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i'm doing a project in which i need to handle an interrupt in Linux.

the board i'm using is an ARM9Board based on the s3c6410 MCU by Samsung (arm 11 processor) and it has the following I/O interface :

enter image description here

as the image shows i have EINTx pins for external interrupts and GPxx pins as GPIO pins and i don't mind using any of them but i don't have their numbers !

For EINTx pins :

when i call

int request_irq(unsigned int irq, void (*handler)(int, struct pt_regs *), 
unsigned long flags, const char *device); 

i need the interrupt number to pass it as the first paramter of the function , so how can i get the irq number for example the EINT16 pin ?

For GPxx pins : the same story as i need the GPIO pin nuumber to pass it to those functions

int gpio_request(unsigned gpio, const char *label);
int gpio_direction_input(unsigned gpio);
int gpio_to_irq(unsigned gpio);

i.e how do i know the GPIO number for the GPP8 pin ?

i searched the board documents and datasheet but it doesn't contain anything about how to get those numbers , any idea or help on where to look ?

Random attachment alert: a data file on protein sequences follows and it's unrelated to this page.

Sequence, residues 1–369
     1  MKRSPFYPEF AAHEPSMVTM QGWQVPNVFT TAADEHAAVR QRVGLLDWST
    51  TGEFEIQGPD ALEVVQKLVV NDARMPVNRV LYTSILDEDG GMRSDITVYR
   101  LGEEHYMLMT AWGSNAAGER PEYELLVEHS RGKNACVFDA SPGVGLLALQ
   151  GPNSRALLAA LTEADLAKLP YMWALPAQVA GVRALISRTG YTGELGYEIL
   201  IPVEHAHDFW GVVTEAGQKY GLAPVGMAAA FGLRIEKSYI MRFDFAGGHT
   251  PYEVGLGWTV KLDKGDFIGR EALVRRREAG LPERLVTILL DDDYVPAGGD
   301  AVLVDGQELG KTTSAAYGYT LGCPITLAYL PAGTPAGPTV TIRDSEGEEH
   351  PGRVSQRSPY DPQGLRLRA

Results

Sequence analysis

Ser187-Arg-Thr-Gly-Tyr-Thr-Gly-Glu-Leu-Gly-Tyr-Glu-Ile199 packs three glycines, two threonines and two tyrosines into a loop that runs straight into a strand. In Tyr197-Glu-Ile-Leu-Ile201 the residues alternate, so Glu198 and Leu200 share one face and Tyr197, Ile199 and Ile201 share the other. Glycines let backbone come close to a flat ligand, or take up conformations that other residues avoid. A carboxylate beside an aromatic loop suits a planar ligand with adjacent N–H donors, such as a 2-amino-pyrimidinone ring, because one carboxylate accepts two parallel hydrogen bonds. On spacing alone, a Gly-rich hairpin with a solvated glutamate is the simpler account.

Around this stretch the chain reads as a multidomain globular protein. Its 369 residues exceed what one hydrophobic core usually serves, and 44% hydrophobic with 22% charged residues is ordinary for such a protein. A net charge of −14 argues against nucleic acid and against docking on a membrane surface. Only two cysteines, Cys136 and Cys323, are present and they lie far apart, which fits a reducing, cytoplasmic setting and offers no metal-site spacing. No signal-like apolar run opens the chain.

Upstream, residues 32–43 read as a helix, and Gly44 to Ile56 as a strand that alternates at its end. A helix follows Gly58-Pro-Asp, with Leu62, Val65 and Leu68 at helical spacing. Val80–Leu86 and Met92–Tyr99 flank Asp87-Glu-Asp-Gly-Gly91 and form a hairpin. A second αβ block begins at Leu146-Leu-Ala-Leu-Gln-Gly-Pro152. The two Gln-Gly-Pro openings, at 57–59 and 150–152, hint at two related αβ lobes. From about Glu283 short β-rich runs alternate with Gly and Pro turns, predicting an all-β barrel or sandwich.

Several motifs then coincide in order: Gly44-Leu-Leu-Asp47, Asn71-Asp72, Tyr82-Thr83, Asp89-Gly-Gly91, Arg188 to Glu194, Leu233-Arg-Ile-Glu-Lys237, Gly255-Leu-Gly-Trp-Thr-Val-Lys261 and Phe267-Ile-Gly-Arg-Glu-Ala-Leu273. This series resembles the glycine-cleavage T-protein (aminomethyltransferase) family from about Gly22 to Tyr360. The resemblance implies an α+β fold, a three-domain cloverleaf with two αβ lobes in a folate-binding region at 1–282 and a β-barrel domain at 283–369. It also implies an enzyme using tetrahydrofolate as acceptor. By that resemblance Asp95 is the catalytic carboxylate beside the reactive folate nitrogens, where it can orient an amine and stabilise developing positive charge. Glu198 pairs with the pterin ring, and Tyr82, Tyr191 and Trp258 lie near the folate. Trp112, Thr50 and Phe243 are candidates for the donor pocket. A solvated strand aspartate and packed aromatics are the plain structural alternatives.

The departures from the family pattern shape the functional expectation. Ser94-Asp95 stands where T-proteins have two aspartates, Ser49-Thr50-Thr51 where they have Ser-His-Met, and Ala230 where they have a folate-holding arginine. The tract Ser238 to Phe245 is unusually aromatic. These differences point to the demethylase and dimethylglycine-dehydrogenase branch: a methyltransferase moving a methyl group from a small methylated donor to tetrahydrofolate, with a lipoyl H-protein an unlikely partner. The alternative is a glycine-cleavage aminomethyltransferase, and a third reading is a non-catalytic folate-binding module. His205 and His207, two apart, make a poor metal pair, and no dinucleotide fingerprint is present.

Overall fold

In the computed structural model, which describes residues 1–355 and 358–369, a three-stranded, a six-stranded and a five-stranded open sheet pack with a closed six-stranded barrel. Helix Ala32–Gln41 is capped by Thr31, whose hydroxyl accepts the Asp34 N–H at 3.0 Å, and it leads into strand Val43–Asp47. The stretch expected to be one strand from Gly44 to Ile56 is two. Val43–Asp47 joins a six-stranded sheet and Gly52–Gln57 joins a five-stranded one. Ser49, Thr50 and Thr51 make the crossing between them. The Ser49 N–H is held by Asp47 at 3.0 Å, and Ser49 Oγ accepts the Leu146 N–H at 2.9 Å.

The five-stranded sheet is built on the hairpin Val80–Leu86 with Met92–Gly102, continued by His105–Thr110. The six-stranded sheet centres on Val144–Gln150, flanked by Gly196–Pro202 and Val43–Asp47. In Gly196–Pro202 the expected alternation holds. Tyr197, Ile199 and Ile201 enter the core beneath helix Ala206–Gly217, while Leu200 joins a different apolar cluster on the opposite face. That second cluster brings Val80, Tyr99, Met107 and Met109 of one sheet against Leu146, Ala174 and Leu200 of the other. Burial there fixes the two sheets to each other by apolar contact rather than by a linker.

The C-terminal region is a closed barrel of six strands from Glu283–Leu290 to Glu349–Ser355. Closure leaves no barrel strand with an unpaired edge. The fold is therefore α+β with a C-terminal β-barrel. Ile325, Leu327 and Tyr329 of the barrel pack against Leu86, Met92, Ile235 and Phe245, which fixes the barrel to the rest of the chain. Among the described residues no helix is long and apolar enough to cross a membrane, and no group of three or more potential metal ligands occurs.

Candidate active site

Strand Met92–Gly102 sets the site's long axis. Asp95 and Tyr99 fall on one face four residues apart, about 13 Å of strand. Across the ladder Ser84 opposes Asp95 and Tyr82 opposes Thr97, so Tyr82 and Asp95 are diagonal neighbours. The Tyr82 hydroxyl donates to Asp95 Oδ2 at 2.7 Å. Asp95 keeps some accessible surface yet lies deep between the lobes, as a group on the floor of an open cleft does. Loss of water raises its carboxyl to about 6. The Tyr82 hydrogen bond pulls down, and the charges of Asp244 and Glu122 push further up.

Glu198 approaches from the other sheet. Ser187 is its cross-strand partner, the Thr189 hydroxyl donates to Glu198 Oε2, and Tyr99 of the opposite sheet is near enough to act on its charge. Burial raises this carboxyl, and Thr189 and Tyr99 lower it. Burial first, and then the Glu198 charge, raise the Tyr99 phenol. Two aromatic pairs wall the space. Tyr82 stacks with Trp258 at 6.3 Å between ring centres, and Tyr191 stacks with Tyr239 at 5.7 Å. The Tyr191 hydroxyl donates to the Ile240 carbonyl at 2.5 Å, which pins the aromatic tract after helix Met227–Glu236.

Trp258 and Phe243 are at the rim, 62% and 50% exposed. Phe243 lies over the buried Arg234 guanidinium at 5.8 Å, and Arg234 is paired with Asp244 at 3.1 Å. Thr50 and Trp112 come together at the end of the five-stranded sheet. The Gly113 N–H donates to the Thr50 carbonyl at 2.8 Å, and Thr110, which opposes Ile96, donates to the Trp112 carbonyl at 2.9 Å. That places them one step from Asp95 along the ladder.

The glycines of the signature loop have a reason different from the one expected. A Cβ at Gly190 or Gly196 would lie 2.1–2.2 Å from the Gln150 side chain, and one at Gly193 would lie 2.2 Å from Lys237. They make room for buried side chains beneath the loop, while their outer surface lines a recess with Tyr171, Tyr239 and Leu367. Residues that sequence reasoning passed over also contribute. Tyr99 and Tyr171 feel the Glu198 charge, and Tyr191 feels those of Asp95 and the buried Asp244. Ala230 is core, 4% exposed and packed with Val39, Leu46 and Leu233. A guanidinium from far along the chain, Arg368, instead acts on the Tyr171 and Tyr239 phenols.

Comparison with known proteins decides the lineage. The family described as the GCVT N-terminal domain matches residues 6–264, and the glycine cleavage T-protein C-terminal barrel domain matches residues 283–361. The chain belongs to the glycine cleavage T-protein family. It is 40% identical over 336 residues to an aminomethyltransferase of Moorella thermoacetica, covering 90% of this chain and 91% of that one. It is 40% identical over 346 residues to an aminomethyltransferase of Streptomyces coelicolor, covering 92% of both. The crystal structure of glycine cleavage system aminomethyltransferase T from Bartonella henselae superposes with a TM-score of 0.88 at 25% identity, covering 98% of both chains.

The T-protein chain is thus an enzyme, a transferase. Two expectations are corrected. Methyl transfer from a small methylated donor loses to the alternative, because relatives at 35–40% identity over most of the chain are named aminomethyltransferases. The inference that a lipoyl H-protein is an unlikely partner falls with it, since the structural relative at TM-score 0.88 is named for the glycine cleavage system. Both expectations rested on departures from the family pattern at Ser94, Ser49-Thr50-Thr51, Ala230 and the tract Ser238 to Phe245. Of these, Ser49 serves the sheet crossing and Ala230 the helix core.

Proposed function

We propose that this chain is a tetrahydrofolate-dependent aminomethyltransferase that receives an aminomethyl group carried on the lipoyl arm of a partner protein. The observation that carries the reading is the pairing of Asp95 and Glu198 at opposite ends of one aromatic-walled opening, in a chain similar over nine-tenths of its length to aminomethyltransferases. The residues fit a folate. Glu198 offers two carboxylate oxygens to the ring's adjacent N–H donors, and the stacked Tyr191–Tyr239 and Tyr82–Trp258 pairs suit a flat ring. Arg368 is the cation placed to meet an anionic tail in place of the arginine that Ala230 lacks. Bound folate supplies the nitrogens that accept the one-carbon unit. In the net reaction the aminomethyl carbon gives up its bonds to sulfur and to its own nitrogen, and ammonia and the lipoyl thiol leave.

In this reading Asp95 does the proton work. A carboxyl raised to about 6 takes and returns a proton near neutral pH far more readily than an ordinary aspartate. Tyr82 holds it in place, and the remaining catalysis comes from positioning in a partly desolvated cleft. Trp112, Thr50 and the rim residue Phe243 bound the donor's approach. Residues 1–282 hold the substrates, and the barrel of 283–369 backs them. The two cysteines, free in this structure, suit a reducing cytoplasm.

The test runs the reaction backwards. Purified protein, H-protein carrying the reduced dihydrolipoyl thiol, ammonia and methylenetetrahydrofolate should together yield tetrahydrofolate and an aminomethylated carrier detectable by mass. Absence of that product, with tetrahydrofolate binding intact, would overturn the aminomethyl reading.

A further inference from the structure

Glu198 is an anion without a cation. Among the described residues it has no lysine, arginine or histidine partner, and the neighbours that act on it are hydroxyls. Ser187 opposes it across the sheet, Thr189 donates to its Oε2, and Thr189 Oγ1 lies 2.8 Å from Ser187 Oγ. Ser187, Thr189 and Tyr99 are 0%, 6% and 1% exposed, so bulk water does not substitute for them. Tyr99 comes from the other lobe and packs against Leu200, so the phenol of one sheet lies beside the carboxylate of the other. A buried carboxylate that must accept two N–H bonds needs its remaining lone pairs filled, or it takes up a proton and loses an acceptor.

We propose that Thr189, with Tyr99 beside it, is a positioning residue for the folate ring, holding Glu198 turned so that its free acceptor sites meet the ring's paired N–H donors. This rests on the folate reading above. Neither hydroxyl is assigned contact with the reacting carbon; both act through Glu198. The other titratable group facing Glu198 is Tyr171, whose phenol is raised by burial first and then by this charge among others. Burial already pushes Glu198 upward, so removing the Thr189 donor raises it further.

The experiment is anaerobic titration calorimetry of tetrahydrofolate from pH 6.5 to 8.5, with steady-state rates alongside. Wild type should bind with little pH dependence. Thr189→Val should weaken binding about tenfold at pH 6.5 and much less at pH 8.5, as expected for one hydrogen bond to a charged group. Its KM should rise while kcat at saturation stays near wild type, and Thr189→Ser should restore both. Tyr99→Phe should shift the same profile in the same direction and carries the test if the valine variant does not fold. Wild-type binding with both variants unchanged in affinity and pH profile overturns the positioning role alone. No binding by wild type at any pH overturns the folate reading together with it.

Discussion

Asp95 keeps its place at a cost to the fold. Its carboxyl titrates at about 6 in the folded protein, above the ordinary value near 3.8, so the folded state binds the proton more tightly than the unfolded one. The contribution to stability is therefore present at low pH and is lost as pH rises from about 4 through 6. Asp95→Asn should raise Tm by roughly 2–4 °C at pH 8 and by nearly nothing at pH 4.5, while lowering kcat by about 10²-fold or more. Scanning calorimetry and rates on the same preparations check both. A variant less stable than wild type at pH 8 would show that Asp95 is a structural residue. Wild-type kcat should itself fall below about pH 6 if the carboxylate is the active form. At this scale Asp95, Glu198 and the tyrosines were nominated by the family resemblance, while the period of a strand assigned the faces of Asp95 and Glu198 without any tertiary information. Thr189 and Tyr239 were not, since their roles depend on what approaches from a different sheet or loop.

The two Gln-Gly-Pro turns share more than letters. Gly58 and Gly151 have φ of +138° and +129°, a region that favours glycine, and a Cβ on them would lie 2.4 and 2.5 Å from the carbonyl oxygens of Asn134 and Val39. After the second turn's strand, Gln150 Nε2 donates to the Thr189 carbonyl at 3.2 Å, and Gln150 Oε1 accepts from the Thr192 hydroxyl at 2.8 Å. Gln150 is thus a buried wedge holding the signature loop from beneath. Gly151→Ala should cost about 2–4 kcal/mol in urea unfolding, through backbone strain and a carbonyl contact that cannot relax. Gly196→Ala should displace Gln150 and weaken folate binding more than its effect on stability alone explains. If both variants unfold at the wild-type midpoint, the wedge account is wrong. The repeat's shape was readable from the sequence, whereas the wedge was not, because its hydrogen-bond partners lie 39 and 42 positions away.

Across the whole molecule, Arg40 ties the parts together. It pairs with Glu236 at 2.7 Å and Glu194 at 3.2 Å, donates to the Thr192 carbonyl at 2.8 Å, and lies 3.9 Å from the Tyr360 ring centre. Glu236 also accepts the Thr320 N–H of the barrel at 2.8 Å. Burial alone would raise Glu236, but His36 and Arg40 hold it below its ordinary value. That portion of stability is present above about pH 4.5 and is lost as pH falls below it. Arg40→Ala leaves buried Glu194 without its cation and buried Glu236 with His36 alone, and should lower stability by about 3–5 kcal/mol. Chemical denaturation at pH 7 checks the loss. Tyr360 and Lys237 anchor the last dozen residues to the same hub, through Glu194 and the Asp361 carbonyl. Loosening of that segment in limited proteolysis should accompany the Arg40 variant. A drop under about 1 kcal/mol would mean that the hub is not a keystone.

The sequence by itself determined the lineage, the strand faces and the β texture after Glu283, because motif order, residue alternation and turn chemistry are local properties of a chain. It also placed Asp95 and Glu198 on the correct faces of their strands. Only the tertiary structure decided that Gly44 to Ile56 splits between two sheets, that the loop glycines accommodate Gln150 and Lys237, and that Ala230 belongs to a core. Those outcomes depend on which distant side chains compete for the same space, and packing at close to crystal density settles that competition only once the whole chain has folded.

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1 Answer 1

up vote 5 down vote accepted

The Embedded Linux you are using should have a GPIO driver that has #define statements for the GPIO pins. You can then get the IRQ number of the specific GPIO using something like:

irq_num = gpio_to_irq(S3C64XX_GPP(8));

The Linux GPIO lib support for that particular chip is available in the the following file:


There you will find all the #define statements for the various GPIO.

See the section on GPIO Conventions in their documentation:


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the kernel supplied with the board have a GPIO driver at /drivers/gpio but non of the c files there have a #define for the pins , and i found /include/linux/gpio.g but it contains only the declaration for functions like gpio_request and gpio_to_irq but no #define either –  Abd elrahman Diab Jun 26 '12 at 18:06
What board are you using? –  embedded.kyle Jun 26 '12 at 18:22
I've updated my answer with specific information regarding the distro supplied with that board. –  embedded.kyle Jun 26 '12 at 19:22
@mps It really depends on which Linux distro you are using so you should refer to that distro's documentation. But in general, you should find the gpio.h file and that should tell you everything you need to know. I've also updated the link to gpio.txt since it was broken. That should also be of some use to you. –  embedded.kyle Jul 7 at 18:08

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